Gays Seek Legal Recognition In Zimbabwe
France-Press, October 24, 1999
HARARE Homosexuals in Zimbabwe on Sunday called for the legal recognition of
same-sex relationships. They sought the inclusion of a clause on sexual orientation in the
African country's new constitution, which is now being drafted.
Representatives of the Gays and Lesbians of Zimbabwe (GALZ) made the appeal to a
special session of a commission appointed by President Robert Mugabe to draft a new
constitution to replace the British-authored one adopted at independence in 1980.
Homosexuality is a particularly controversial subject in Zimbabwe because Mugabe has
frequently attacked gays as "beasts," "perverts" and "worse than
dogs and pigs", saying homosexuality was un-African.
"I am asking for the ... inclusion of a sexual orientation clause in the new
constitution. This is not a special right but just an acknowledgment of the existence of
gays, lesbians, bisexuals and transgendered people in Zimbabwe," said Chesterfield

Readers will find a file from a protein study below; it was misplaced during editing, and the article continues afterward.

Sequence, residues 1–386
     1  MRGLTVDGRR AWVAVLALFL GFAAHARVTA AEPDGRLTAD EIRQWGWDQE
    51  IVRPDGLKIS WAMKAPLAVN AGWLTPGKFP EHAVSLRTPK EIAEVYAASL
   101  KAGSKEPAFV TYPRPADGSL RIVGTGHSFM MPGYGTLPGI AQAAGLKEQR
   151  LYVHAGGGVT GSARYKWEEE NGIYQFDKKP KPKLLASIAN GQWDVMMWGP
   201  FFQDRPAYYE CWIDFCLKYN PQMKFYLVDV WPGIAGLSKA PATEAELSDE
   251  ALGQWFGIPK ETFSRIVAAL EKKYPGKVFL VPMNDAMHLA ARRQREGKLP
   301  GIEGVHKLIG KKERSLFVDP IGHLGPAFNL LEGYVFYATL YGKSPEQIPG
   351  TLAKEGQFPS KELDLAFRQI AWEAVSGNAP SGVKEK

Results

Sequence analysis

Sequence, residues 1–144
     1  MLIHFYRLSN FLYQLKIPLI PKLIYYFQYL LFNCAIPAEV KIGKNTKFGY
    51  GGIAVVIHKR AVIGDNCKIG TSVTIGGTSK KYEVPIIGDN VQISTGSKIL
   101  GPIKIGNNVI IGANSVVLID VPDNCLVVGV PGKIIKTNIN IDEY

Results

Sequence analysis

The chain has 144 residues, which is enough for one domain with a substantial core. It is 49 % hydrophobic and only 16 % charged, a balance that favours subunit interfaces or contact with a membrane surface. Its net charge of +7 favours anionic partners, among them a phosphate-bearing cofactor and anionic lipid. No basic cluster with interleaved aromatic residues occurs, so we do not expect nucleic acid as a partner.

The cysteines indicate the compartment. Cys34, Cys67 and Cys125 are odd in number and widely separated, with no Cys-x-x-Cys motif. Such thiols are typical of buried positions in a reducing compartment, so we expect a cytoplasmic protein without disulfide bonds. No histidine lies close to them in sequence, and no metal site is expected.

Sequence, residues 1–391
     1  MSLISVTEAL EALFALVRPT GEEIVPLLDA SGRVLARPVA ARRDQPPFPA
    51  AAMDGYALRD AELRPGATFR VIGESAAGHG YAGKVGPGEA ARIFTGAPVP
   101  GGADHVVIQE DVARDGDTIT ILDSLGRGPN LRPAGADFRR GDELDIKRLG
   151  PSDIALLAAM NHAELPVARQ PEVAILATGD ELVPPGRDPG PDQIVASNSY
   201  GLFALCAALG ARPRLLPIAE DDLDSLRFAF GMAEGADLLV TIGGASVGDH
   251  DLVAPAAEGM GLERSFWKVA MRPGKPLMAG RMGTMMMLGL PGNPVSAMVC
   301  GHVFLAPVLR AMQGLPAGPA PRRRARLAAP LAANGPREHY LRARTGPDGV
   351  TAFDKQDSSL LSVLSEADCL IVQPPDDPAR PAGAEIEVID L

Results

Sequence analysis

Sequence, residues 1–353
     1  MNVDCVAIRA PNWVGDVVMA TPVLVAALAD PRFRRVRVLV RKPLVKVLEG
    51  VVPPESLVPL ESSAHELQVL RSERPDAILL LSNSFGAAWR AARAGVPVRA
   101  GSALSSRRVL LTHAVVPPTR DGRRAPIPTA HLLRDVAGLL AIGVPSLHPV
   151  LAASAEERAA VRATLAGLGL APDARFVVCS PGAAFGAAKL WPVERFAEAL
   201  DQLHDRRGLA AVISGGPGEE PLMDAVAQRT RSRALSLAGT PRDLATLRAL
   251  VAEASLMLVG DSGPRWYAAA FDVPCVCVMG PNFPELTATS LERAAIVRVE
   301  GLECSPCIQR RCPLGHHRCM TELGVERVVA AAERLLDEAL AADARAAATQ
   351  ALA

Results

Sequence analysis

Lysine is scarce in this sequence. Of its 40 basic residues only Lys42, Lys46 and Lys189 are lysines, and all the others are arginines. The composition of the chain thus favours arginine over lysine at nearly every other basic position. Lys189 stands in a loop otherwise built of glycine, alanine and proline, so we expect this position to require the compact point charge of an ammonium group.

Zamba, a gay.
Keith Goddard, program manager of GALZ, told some 400 government-appointed
commissioners that homosexuals in the country lived in fear of discrimination, and that
their constitutional recognition would guarantee they enjoyed the same rights and
protection automatically accorded to heterosexuals.
The legal recognition of homosexuals would also help "combat homophobia and hate
crimes" and "put an end to state prosecution and harassment."
"A sexual orientation clause in the new constitution does not mean the slippery
slope down toward the acceptance of bestiality, or the sexual abuse of children
(pedophilia), or sex in the streets or sex with dead bodies or rape," Goddard
"We are asking for the recognition of consensual same-sex relations between two
consenting adults in private," he said. Sodomy is a crime in Zimbabwe, even between
consenting adults, and carries a possible jail sentence.
Commissioners booed and tried to disrupt the speeches, until the chairman, Judge
Godfrey Chidyausiku, intervened to restrain them, saying the gays had the right to be
heard and be respected.
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